Altered Breathing Patterns & the Dramatic Impact They Have on our Health: Practical Tips on how to Recognize the Signs & Symptoms and Improve our Breathing.
Disclaimer: Please consult a medical professional if you discover a breathing problem and especially before starting an exercise program.
Why is Breathing so Important to our Physical Health?
We breathe on average 25000 times per day and for the most part we don't think about it and how important good breathing is to our health. Each of those 25000 breaths requires rib cage expansion and diaphragm muscle contraction, so we should start to see how important it is that they can move and function normally. Many of us have dysfunctional breathing patterns and are completely unaware. These dysfunctions develop gradually due to things like poor posture, stress, injuries, & bad habits like sucking our stomachs in. Our nervous system will adapt to the poor pattern to ensure you can still get air in & out, but the adaptations very often have very serious consequences on our health. Even minor breathing problems can have an impact on everything from our blood ph & blood pressure, to our core stability, hip, lower, back, neck & shoulder function.
What is the Diaphragm Muscle and Why is it so Important to Breathing and Core Function?
The Diaphragm in addition to being the key muscle for breathing is a major core stabilizer. On Inhalation the diaphragm descends into our abdomen and increases pressure and stiffness in the intra-abdominal cavity (area between your ribs and pelvis), while creating low pressure in the chest, which causes air to rush in. The further the diaphragm moves into our abdomen, the greater the increase in pressure and depth of our breath.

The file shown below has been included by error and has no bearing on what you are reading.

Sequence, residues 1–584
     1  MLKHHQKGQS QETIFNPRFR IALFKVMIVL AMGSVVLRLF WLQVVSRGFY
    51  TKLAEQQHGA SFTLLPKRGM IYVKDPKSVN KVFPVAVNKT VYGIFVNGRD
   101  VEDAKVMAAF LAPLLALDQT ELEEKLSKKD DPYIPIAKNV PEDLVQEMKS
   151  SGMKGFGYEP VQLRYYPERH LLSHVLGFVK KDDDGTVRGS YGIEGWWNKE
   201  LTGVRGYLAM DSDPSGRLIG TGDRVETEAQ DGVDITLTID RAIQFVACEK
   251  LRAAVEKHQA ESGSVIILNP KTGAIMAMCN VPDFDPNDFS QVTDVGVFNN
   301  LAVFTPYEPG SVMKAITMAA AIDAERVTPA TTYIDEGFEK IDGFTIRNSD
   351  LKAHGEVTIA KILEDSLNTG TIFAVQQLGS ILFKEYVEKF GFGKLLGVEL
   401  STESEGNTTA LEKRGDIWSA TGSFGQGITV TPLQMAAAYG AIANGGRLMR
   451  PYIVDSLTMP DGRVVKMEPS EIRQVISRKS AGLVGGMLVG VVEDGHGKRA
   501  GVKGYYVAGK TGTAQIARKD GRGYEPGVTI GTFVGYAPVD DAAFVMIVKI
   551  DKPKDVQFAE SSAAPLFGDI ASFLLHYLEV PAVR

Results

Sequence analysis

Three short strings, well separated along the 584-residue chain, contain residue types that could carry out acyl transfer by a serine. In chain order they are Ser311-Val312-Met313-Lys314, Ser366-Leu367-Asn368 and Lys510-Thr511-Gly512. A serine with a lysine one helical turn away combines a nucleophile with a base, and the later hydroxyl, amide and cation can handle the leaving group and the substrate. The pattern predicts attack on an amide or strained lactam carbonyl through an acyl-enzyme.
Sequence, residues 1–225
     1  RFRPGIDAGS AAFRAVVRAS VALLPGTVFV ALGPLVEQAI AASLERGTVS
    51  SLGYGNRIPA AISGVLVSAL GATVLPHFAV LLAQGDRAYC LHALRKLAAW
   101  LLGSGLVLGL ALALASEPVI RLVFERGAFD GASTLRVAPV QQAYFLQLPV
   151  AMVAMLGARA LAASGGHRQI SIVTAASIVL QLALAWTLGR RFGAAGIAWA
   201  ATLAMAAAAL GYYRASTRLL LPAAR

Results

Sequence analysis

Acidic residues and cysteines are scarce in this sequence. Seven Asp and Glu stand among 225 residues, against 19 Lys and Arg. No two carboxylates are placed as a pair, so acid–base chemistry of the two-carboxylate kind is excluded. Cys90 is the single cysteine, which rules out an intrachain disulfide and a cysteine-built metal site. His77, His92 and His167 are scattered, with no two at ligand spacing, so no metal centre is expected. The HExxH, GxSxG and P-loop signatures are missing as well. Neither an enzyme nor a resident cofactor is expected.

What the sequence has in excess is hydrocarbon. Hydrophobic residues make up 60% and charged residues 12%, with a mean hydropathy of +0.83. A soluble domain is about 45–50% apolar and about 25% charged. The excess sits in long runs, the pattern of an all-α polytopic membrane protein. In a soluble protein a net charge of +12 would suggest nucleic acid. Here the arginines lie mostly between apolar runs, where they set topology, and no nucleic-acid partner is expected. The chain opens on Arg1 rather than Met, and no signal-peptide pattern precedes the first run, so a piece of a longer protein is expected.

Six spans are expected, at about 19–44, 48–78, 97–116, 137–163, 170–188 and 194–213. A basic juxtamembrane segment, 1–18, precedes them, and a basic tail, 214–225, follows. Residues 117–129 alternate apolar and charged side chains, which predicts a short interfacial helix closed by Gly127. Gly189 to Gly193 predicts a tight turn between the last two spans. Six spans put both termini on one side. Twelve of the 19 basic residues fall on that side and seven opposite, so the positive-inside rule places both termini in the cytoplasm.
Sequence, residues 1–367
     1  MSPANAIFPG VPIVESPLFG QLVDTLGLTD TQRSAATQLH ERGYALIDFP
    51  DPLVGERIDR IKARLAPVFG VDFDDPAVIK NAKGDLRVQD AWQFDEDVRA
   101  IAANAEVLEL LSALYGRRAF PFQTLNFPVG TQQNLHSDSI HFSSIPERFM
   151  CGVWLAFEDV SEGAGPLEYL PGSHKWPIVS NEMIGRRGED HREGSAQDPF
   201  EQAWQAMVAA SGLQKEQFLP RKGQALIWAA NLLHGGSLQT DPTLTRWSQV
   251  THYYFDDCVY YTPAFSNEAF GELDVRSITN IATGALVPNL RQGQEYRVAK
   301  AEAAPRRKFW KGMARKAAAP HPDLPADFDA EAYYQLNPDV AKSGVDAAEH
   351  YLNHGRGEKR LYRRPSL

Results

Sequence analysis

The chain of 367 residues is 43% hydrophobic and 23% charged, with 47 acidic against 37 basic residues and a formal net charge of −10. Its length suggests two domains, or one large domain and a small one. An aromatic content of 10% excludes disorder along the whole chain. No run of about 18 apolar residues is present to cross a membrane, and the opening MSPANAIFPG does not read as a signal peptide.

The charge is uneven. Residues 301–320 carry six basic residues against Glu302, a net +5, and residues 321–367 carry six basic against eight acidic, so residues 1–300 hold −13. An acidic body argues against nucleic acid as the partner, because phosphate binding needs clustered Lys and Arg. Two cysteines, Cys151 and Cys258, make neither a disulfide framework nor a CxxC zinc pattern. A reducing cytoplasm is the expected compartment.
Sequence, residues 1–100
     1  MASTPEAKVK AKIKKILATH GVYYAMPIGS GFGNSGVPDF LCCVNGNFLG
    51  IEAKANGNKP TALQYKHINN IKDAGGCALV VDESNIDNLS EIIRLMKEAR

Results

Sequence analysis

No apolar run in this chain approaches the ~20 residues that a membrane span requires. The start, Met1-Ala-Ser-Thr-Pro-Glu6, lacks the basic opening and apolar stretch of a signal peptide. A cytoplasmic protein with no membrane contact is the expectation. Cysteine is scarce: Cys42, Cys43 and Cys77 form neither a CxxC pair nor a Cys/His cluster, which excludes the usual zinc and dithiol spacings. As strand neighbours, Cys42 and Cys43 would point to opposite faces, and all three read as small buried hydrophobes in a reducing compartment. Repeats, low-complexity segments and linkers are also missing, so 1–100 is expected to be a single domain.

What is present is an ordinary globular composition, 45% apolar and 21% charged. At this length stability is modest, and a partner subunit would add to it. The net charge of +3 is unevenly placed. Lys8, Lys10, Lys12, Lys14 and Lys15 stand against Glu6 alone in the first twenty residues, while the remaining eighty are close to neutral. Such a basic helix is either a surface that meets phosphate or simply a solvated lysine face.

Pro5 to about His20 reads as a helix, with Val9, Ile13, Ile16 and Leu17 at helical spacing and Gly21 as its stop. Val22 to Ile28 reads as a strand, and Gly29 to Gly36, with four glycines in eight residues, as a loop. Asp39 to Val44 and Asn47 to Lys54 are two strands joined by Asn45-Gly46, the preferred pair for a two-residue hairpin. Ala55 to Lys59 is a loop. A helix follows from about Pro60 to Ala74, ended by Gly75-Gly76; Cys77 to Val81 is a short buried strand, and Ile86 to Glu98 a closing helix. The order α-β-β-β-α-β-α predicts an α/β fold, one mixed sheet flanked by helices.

Very commonly our diaphragm will become too flat due to a number of factors, the most common of which is poor posture (increased arch in lower back, rib flare in the front etc...). In some circles this is called loss of the zone of apposition (ZOA).
Postural Issues and the loss of ZOA most often start in childhood and adolescence. Things to look out for in children are flared ribs in the front, underdeveloped abdominal muscles, knock knees, flat feet, large arch in the lower back with rounded shoulders and breathing from their chest. A number of these issues are often present in toddlers but as they mature these issues should improve. If not they should have a breathing, posture, core function assessment with a trained professional.
When we start to lose function in our diaphragm we will always adapt to preserve breathing by using accessory breathing muscles, primarily in our neck & shoulders. These accessory muscles become overworked, tired, tense, and sore. The movement of our ribs when using accessory muscles is also altered, as the whole rib cage is pulled up and to the front nearly as one unit and over time it will become altered in shape in these directions (we often call this barrel chest). This barrel chest shape leads to problems with many of the muscles attaching to them, especially core muscles (most of which attach to the ribs, and the diaphragm.
So as we can see a problem with breathing will have a serious negative impact on core stability. This goes the other way around as any decrease in core stability will cause the diaphragm to diaphragm to contract in an effort to increase pressure and stability. This is a vicious circle of two problems, which will gradually worsen over time if the cycle is left unaltered.
It is for this reason that every patient in my clinic is checked for breathing in sitting, standing and lying down. A cannot understate the importance of correcting breathing problems due to the negative affects it can have all over our bodies.
Below Is a few links if you would like some more in depth information on the diaphragm &breathing physiology